Then an ambitious idea popped into my head. I determined to write the same request to all the people in England I had ever reviewed. Reviewing, mostly anonymous, had been my business for several years, with other literary chores on the side. I communicated to Mr. Chesterton the fact that I had come over to look about, told him my belief that he was one of the noblest and most interesting monuments in England, and asked him if he supposed that he could be "viewed" by me, at some street corner, say, at a time appointed, as he rumbled past in his triumphal car.

Writing to famous people that you don't know is somewhat like the drink habit. It is easy to begin; it is pleasurably stimulating; it soon fastens itself upon you to the extent that it is exceedingly difficult to stop indulgence and it leads you straight to excess. I wound up, I think, with Hugh Walpole. I had liked that "Fortitude" thing very much.

My Englishised Boston friend--he's the worst Englishman I saw over there--simply threw up his hands. He groaned and fell into a chair.

"Holy cat!" he cried, or English words to that effect, "you can't come over here and do that way. It's not done," he declared. "You can't meet Englishmen in that fashion. These people will think you are a wild, bounding red Indian. They'll all go out of town until you leave the country."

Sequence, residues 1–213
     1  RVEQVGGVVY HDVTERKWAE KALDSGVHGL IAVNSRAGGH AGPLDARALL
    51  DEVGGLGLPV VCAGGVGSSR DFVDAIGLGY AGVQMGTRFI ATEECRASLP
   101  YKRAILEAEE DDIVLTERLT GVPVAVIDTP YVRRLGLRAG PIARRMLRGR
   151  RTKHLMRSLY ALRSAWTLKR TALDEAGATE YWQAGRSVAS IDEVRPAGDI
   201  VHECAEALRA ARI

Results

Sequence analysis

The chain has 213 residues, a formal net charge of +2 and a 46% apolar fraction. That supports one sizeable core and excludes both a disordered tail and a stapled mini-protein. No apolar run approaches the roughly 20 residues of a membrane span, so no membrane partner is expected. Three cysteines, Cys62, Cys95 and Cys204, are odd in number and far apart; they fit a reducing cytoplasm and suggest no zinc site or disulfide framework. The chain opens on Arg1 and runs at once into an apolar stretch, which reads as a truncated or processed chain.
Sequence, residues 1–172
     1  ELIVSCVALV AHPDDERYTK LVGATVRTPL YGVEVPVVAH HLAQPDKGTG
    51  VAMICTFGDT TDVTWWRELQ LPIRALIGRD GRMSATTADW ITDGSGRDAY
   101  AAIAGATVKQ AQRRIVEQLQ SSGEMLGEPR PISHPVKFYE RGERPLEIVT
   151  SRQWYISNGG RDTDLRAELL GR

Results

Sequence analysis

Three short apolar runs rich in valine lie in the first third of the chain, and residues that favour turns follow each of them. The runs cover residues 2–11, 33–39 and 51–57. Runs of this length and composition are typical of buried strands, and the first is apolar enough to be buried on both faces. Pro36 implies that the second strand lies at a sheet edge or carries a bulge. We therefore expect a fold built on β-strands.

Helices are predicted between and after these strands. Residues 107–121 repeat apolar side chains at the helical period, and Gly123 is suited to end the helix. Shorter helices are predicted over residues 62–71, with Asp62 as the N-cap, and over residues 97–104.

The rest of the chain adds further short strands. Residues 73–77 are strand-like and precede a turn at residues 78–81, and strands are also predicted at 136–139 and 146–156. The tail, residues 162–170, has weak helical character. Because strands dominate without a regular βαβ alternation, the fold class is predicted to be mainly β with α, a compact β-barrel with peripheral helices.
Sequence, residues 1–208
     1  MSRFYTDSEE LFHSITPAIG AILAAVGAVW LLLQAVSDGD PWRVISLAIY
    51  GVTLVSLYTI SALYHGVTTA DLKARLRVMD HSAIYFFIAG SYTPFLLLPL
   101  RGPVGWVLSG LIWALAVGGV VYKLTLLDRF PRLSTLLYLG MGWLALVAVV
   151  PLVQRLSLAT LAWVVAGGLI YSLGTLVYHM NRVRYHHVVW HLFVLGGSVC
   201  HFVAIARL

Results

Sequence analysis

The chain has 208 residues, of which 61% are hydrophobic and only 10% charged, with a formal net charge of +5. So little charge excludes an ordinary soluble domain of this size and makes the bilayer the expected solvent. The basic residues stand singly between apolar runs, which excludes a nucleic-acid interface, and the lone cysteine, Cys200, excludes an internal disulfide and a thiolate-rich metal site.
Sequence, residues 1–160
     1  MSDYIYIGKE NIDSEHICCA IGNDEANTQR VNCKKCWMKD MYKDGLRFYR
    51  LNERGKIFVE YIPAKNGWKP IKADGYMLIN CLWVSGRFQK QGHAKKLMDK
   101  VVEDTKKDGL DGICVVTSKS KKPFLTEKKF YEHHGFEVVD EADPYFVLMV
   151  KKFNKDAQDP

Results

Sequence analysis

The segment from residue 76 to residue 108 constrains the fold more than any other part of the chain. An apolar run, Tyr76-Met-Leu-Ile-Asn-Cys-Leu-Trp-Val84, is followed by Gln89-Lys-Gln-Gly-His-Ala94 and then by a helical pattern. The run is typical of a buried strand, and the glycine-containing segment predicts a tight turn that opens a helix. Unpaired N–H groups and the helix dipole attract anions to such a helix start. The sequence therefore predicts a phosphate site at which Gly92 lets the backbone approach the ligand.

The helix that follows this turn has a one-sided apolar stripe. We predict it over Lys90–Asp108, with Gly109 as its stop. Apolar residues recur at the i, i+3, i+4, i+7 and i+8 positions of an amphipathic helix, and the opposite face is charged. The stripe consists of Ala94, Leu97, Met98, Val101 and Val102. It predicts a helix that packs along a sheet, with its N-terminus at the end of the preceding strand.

Well, I saw it was awfully bad. I have disgraced the U.S.A. That's what comes of having crude notions about meeting people. I felt pretty cheap. I felt sorry for my friend too, because he had to stay there where he lived and try to hold his head up while I could slink off back home. My friend pointed out to me that Mr. Chesterton and the other gentlemen had only my word for it that I had any connection with literature, and that as far as they were aware I might be the worst kind of crook, and at the very best was in all likelihood a very great bore.

Annie, the maid at my lodgings, handed me a bunch of mail. Mr. Belloc was particularly eager to see me, he said. He gave me an intimate two page account of his movements for the past couple of weeks or so. He had just been out to sea in his boat, the Nona, and had only got back after a good deal of difficulty outside; this he hoped would account for the delay of a day or so in his reply.